For the past three weeks, the central government of Iraq has been engaged in an unprecedented military campaign to re-assert its authority over the country’s internally disputed territories. An explicit response to the Kurdistan Regional Government (KRG)’s recent decision to hold a referendum on independence, the offensive quickly recaptured the contested city of Kirkuk, which—like much of the disputed territories—had been under the KRG’s de facto control for several years. This in turn severed the KRG’s access to the significant oil wealth around Kirkuk, dealing a serious blow to any hopes of secession. Federal Iraqi forces have since pushed even further into the disputed territories, up to the edge of the Kurdistan Region and at times threatening to push past it in order to reestablish control over border crossings, pipeline hubs, and other facilities the Iraqi government maintains should be under federal control.
Recently, however, there have been some signs of de-escalation. Both the Iraqi government and the KRG have indicated that they are willing to negotiate, though the preconditions remain a subject of debate. The parties agreed to a temporary ceasefire last weekend to allow security dialogues, which appear to be tenuous but ongoing. And last Monday the KRG’s powerful President Massoud Barzani—a forceful advocate for Kurdish independence and the lead proponent of the independence referendum—announced his resignation, removing a potential obstacle to dialogue.
Echoing calls from the international community, both parties have said that negotiations will take place within the framework of Iraq’s Constitution. This posture is consistent with the Iraqi government’s framing of its military campaign, which it has consistently described as a “federal operation aimed at restoring federal authority” as assigned by Iraq’s Constitution. And for the KRG, Iraq’s Constitution not only guarantees Iraqi Kurds certain rights that are especially important in defeat, including to continued self-government in the Kurdistan Region, but gives some recognition to their own claims.
While this equipoise allows both sides to point to the Constitution as a touchstone for reconciliation, it has also contributed to the present conflict. A product of a heated and condensed negotiation process, Iraq’s Constitution sacrifices clarity for consensus, as its authors addressed major disputes in ambiguous terms in hope that future political processes would resolve them. As these processes failed, each of the parties seized on these ambiguities to legitimize their respective positions and at times further them through domestic and international legal processes.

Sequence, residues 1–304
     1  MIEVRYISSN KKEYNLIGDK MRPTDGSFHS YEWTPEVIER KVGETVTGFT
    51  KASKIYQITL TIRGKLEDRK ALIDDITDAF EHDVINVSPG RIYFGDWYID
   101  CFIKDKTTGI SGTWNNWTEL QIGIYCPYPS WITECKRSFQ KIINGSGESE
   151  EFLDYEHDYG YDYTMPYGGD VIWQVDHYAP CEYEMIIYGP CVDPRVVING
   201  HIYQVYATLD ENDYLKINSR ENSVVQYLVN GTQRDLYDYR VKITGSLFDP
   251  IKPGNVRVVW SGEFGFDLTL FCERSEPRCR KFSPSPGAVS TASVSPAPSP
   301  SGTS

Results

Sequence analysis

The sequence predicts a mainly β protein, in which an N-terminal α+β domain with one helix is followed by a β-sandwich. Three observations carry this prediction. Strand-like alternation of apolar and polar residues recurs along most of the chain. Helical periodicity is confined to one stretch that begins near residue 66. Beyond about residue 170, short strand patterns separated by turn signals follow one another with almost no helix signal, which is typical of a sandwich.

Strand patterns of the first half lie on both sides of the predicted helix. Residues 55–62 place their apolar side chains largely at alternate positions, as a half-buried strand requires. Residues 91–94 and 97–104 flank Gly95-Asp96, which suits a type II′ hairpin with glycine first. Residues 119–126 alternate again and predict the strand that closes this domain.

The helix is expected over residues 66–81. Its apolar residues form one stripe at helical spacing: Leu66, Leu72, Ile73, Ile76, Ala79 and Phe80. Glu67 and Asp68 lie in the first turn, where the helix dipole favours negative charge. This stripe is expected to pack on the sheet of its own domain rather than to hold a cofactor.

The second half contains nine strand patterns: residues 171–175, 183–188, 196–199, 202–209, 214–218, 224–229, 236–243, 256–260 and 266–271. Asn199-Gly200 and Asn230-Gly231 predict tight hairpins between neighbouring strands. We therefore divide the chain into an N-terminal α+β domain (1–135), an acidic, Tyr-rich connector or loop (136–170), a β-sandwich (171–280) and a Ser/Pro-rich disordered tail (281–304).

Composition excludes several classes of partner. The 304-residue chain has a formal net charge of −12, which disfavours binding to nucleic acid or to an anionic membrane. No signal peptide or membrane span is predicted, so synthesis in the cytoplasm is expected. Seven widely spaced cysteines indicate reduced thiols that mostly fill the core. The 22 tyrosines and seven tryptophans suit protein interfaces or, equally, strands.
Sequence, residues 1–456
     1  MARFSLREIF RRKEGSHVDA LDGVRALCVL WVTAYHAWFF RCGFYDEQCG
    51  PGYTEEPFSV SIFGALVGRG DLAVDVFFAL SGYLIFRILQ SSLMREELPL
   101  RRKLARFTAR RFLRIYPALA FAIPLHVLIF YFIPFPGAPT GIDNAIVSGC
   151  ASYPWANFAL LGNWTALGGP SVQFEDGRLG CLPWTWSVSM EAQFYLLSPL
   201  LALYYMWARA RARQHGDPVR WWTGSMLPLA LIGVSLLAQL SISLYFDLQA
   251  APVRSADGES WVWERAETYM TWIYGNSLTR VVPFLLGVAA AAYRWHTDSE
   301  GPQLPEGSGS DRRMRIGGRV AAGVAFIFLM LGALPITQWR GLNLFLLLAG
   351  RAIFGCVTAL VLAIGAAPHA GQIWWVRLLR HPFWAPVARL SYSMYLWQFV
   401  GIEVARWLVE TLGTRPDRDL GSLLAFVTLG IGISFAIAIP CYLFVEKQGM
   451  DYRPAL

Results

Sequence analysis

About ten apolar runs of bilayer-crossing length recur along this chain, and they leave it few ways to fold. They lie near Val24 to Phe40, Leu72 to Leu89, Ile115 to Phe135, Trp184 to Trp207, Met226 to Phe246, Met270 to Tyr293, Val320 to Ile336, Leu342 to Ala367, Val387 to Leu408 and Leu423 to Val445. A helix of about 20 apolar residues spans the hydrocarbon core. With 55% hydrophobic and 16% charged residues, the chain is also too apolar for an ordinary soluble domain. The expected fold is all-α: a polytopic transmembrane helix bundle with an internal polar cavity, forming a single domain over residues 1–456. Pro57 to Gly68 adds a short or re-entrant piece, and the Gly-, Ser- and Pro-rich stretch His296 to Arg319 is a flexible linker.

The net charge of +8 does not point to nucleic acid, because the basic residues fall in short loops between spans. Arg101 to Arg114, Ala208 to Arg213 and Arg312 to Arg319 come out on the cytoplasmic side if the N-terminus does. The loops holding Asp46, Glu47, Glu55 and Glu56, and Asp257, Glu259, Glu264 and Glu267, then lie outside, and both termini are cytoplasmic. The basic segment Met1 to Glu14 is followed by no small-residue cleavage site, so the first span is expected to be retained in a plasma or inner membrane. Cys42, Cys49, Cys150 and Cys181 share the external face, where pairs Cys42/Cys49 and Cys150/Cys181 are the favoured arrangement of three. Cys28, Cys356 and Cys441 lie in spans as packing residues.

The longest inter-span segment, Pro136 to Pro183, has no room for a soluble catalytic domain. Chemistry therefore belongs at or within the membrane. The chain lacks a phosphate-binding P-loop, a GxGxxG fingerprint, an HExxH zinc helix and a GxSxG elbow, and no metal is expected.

To achieve an enduring reconciliation, both the Iraqi government and the KRG will eventually need to reach a political agreement that not only resolves the key issues underlying the conflict but is consistent with—and reflects a shared understanding of—Iraq’s Constitution. This includes certain provisions that require concrete steps of the parties, such as a census and referendum. Further, recent history shows that the parties will likely not be able to implement these provisions on their own. Instead, doing so will almost certainly require renewed engagement from the international community.
A Failed Process in the Disputed Territories
The disputed territories at issue in the present conflict run along the Kurdistan Region’s southern border, where they overlap with several major oil and gas fields. Despite the Saddam Hussein regime’s brutal displacement of Kurds and other groups as part of its “Arabization” efforts, the area contains a diverse population that often lives in mixed communities. While Iraqi Kurds have made demographic and historical claims to the disputed territories for decades—infamously going so far as to describe Kirkuk as “our Jerusalem”—other groups contest these claims.